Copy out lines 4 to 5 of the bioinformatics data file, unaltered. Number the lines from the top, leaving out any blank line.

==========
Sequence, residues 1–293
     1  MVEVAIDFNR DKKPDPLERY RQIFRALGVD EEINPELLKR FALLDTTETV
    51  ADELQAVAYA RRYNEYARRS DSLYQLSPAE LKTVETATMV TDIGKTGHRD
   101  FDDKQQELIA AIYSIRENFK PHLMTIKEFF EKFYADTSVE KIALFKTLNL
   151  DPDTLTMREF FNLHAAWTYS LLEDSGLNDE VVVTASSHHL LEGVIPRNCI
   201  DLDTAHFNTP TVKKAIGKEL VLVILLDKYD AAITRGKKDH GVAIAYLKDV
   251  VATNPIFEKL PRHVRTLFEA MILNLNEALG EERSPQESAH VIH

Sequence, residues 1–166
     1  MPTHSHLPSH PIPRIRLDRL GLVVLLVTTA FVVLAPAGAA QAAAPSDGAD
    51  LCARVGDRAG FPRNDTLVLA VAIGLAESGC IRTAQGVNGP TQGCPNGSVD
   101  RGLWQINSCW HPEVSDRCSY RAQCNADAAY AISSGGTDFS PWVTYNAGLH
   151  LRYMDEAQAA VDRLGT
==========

   101  FDDKQQELIA AIYSIRENFK PHLMTIKEFF EKFYADTSVE KIALFKTLNL
   151  DPDTLTMREF FNLHAAWTYS LLEDSGLNDE VVVTASSHHL LEGVIPRNCI